This clay was slurried in a mixer and then poured onto a plaster table for dewatering. During throwing it is splitting when stretched and peeling when cutting the base. Yet when this same clay is water-mixed and pugged in a vacuum de-airing pugmill it performs well. One might think that the slurry mixer would wet all the particle surfaces better than a pugmill, but it appears the energy that the latter is putting into the mix is needed to develop the plasticity when there is a high talc percentage in the recipe.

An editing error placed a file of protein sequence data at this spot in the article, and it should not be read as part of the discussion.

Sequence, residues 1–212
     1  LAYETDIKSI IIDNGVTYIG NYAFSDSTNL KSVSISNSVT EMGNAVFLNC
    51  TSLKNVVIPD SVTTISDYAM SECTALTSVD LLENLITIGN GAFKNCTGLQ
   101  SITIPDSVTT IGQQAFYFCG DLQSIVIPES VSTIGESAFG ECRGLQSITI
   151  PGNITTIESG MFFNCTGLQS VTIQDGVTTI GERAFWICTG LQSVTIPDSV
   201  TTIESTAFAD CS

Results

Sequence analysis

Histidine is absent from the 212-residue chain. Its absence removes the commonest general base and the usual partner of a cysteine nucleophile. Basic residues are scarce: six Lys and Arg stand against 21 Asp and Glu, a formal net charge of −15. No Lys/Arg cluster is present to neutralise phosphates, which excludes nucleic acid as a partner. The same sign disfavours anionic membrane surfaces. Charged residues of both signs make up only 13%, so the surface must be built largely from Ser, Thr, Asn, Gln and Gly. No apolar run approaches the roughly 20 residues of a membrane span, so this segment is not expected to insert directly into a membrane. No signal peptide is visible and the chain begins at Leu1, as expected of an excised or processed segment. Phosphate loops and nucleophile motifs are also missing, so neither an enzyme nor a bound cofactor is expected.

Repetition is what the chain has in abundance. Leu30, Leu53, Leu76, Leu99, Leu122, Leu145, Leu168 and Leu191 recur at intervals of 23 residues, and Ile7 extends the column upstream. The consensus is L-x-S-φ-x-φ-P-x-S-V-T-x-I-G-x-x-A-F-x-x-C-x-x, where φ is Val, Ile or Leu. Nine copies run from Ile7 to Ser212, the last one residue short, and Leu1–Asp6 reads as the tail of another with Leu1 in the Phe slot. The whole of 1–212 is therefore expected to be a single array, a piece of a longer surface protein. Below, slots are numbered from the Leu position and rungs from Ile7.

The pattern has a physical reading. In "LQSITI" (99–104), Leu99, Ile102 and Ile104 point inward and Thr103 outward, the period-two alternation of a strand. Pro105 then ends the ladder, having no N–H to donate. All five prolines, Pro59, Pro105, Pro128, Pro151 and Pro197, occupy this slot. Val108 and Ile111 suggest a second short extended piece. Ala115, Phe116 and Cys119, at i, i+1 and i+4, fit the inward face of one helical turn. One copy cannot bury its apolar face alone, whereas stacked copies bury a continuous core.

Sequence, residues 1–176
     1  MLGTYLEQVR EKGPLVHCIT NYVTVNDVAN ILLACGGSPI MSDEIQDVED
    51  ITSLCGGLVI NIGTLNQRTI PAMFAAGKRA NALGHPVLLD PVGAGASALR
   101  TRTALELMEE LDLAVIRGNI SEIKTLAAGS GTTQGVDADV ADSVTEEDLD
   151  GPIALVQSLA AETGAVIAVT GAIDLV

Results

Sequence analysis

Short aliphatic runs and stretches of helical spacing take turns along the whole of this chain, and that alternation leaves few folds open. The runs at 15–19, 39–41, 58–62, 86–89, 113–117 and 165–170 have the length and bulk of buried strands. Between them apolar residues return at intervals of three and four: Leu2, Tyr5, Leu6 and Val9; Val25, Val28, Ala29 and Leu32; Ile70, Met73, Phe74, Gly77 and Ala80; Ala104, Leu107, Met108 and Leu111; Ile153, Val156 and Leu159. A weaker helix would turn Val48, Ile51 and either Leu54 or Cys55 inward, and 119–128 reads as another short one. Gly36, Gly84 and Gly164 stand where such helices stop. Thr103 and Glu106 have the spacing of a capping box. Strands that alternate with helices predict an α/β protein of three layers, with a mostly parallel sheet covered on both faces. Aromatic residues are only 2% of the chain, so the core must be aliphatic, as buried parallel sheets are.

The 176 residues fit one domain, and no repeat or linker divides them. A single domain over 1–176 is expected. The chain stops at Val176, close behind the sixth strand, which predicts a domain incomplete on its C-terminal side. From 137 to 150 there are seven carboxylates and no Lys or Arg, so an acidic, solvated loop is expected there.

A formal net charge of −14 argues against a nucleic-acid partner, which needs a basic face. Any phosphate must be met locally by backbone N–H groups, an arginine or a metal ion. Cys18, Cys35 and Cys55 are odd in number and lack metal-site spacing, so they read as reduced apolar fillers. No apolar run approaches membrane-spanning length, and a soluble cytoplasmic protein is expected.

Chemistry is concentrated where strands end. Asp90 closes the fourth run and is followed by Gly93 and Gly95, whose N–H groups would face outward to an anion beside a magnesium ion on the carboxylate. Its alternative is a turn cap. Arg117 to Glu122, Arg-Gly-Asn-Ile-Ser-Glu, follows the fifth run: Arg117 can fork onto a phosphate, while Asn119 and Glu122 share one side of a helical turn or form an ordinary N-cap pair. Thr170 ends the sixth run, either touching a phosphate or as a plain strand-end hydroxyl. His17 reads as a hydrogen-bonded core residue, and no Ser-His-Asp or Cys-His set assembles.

The practice of removing air from clay as it is pugged. Deaired clay has better forming properties and produces a smoother fired surface.
Plasticity (in ceramics) is a property exhibited by soft clay. Force exerted effects a change in shape and the clay exhibits no tendency to return to the old shape. Elasticity is the opposite.
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